Size 47.673 MB 6 seeders Added 2011-09-05 02:36:41
THE NATURAL FUNCTION of tropical flowers, with their luminous colors and ingenious designs, is to lure pollinators within the boundless green of the rain forest or during a brief rainy season in arid regions. We humans respond to the aesthetics and exotic allure of their fecund natural beauty. Nurseries vie for new and exotic species to quench the collectors' thirst. The floral business imports flowers from around the globe. In the United States, tropical plants are grown outdoors year round in Hawaii, California, Florida, and along the Gulf Coast. They are grown indoors, at least in winter, from Maine to Alaska. They appear on the pages of glossy magazines, in ads, television studio sets, homes, and work places. It is evident that the pleasure derived from having tropical plants around us is a passion shared by many. The wild habitat of tropical species is disappearing at an alarming rate. It is calculated that literally thousands of species have become extinct without our ever having had a glimpse of them, and untold thousands more seem likely to be exterminated within the next few decades. Only a relative few species make it into cultivation because of their aesthetic, medicinal, or utilitarian value. Others with unknown value are lost every day to the saw, bulldozer, and fire. This volume illuminates many species saved through cultivation. Tropical gardens and conservatories not only exhibit but also protect plants as zoos protect animal species. It is hoped that this volume will help impart a deeper appreciation for tropical species through plants in cultivation and, by extension, the need to preserve their wild habitat. Gardeners help maintain diversity by seeking out, growing, and sharing unusual species. When I began to study tropical botany in the 1950s, the books on tropical plants were usually densely scientific. Illustrations, if present at all, were black-and-white drawings or stylistic color paintings. For a young Northerner freshly transplanted to the subtropics, it made learning about this intriguing flora especially challenging. Dry herbarium specimens did not relate very well to the verdant green that surrounded me. Available collections were limited. Little was available on tropical plants from distant regions.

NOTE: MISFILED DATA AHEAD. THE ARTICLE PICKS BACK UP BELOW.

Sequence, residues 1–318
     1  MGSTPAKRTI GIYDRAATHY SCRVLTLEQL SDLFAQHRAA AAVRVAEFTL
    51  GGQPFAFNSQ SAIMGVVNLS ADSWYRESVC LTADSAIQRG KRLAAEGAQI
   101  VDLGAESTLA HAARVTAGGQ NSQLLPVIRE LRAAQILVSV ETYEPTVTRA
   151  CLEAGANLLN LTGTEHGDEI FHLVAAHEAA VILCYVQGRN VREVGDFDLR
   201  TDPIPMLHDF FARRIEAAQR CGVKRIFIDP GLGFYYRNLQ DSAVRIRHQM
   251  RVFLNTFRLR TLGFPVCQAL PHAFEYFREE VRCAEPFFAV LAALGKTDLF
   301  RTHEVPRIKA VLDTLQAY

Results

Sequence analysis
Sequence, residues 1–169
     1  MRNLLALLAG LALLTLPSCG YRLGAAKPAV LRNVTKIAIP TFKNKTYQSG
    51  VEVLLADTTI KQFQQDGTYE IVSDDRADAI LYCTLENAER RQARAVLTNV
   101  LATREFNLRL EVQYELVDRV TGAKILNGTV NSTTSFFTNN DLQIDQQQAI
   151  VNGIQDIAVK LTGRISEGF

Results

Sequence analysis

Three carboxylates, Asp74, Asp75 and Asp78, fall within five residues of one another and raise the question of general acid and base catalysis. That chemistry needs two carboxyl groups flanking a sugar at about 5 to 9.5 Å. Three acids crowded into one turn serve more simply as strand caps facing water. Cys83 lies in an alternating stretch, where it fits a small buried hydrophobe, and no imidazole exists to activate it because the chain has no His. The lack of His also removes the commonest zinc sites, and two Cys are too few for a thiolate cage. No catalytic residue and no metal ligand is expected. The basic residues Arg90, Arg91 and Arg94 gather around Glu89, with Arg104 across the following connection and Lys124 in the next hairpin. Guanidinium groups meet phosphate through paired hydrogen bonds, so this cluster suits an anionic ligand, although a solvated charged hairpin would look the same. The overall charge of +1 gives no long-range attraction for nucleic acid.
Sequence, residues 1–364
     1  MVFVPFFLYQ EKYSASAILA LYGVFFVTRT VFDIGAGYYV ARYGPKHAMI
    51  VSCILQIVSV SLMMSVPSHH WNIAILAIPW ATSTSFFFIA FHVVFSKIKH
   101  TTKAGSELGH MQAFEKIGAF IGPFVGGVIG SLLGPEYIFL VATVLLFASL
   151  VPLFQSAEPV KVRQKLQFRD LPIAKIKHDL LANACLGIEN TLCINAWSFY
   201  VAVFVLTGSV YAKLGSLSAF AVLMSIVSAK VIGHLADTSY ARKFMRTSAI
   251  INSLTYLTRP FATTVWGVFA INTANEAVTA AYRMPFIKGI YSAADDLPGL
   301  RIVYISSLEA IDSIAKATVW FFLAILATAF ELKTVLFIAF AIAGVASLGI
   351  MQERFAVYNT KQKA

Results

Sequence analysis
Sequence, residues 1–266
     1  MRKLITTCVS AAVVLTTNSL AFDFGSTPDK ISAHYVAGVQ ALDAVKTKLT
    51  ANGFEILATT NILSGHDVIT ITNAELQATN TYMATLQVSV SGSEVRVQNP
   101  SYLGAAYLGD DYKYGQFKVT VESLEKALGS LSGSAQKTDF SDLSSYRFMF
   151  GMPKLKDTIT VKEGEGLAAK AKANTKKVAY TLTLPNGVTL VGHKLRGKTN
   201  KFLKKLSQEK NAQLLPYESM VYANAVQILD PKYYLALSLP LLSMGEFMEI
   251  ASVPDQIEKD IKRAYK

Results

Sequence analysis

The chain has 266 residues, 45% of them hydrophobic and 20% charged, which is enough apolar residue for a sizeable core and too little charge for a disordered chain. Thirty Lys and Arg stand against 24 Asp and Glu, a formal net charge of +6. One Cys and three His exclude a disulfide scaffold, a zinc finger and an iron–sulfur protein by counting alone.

|Tropical Flowering Plants - A Guide to Identification and Cultivation.pdf||47.672 MB|